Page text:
Utilities Scramble to Meet Power Needs of Electric Cars

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David Silverman / Getty

A power input on Renault's electric car

Dave Kaufmann likes people yelling at him as he drives through La Cañada, Calif., the wealthy suburb north of Los Angeles where he lives. What they're shouting about is his battery-powered electric vehicle, one of up to 30,000 estimated to hit the streets of Southern California in the next 36 months, the biggest expected e-car surge in the country.

"They all want to know, 'What's that? Where can I get one?' " says Kaufmann, a home contractor and self-taught electric vehicle, or EV, enthusiast.

By some accounts, the next 10 years will see as many as 1.6 million electric or plug-in hybrid vehicles zipping around the state, in what is shaping up to be the nation's e-car proving ground. But in the 1990s a similar optimism hit here too, only to fizzle as gas prices plummeted and gas-guzzling SUVs took over the auto market with a vengeance.

That was then; this is now. Strong government incentives and regulations, car and battery-maker innovations and the public's genuine concern for global warming are all contributing to the EV enthusiasm. But utilities are working feverishly to put infrastructure standards in place; the prospect of managing rapid EV growth has utility executives both amped up over the opportunity and queasy about unplanned snafus.

"We've had a run at this before, but now there have been important advances on the technology side," says Theodore Craver Jr., chief executive officer of Southern California Edison.

SoCal Edison provides electricity to 13 million people and is the biggest power player behind the new EV push. Craver foresees at least 30,000 EVs in his region by the end of 2012. The state's Air Resources Board is less optimistic, quoting estimates between 7,500 and 25,000 EVs on the state's roads by 2014. Most are brand names you've never heard of, at least not yet, like Zenn, Zap, Helion and Wheego.

On its own, SoCal Edison maintains the largest EV fleet in the country, with some 300 electric vehicles, mostly Toyota RAV4s and trucks. It also operates in Pomona the Electric Vehicle Technical Center, a facility advanced enough to have automakers knocking. Ford's plug-in hybrid Escape SUVs have been tested there, and others, such as Mitsubishi's iMiEV subcompact and Daimler's plug-in hybrid van, are under review. General Motors' much anticipated plug-in hybrid, the Chevy Volt, has been put through its paces in Pomona.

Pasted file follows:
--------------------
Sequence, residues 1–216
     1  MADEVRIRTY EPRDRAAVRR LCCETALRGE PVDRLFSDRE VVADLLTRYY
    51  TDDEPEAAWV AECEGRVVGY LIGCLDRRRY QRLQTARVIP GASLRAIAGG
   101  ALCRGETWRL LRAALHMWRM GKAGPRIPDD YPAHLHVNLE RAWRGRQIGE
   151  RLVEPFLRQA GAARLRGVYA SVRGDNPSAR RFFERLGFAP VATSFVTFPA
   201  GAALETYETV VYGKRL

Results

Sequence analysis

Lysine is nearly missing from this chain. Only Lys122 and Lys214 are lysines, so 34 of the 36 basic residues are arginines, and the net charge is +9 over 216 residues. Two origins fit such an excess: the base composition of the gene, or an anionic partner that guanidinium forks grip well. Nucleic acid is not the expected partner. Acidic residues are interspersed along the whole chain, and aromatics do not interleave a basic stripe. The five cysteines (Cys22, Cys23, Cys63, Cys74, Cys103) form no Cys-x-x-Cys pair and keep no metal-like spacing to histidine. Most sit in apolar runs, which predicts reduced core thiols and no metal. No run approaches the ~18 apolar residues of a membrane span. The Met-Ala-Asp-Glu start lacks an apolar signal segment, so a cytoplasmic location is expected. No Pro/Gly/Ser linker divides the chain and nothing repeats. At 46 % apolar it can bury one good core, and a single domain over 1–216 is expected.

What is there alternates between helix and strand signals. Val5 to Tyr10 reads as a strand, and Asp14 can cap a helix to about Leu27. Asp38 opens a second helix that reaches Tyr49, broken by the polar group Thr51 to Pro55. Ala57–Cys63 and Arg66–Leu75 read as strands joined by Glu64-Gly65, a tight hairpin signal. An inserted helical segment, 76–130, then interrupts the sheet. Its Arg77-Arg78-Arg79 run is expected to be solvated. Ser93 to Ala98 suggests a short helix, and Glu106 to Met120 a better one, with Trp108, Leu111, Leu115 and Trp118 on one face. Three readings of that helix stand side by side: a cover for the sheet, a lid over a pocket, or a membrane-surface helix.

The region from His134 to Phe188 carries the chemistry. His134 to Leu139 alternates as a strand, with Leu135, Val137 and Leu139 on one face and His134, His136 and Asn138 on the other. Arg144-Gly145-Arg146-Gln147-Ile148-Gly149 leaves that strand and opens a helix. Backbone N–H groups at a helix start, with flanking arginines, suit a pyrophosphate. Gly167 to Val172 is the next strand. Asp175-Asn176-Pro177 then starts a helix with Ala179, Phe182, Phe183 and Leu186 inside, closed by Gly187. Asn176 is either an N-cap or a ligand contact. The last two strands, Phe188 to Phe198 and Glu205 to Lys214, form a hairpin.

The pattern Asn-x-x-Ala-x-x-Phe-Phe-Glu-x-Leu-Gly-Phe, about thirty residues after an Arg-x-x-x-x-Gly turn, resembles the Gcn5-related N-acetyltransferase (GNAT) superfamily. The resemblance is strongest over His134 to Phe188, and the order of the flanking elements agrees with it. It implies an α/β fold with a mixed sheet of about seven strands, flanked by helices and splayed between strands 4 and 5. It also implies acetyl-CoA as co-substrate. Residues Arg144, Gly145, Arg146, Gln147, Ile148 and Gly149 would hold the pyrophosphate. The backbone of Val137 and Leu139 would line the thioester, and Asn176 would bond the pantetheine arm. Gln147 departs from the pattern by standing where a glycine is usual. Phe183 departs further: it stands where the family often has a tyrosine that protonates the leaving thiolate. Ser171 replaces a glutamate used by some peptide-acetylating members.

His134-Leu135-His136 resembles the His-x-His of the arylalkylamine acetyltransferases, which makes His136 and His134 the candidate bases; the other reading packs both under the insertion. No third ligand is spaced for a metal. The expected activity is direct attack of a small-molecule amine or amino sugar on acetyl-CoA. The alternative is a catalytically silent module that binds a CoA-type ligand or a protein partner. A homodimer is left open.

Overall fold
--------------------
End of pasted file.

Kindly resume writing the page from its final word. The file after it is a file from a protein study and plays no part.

"We know EVs, and we know the consumer will be annoyed if the experience isn't a good one," says Craver. "A bad buying and user experience could hurt EV market growth; we have to make the experience positive."

One part of SoCal Edison's ramp-up involves the installation of 5.3 million SmartConnect meters in every home throughout its 50,000 sq. mi. service region, from the Pacific Ocean to the San Bernardino Mountains to the east and into parts of Orange County. Total installation is expected to be completed by 2012 at a cost of $1.9 billion. But much more will be needed to handle the widespread adoption of EVs, the utility says.

While EV owners can charge the cars by plugging them into a regular 110-volt outlet, the "slow charge" can take up to eight hours and may jack up an electric bill the equivalent of 2 kilowatts per month. Most e-car owners will eventually want to plug in their faster, highway-approved EVs into new rapid-charging, 220-volt garage chargers. But that requires another step: finding a certified electrician and several thousand more dollars to install the add-on feature to the home or garage.

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